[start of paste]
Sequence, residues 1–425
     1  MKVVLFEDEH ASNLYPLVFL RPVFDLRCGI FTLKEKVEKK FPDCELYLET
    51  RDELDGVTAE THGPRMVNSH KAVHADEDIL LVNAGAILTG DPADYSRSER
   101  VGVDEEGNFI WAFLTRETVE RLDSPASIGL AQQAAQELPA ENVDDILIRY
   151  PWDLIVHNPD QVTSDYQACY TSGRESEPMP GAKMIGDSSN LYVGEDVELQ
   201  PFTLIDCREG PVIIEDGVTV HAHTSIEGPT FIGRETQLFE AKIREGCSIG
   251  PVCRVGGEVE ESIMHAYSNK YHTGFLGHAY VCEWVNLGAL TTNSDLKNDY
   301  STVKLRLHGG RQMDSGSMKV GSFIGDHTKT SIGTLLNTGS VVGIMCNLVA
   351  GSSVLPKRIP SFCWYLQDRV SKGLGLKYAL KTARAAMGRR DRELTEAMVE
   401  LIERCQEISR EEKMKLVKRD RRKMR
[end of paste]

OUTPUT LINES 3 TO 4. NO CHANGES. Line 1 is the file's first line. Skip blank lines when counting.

    51  RDELDGVTAE THGPRMVNSH KAVHADEDIL LVNAGAILTG DPADYSRSER
   101  VGVDEEGNFI WAFLTRETVE RLDSPASIGL AQQAAQELPA ENVDDILIRY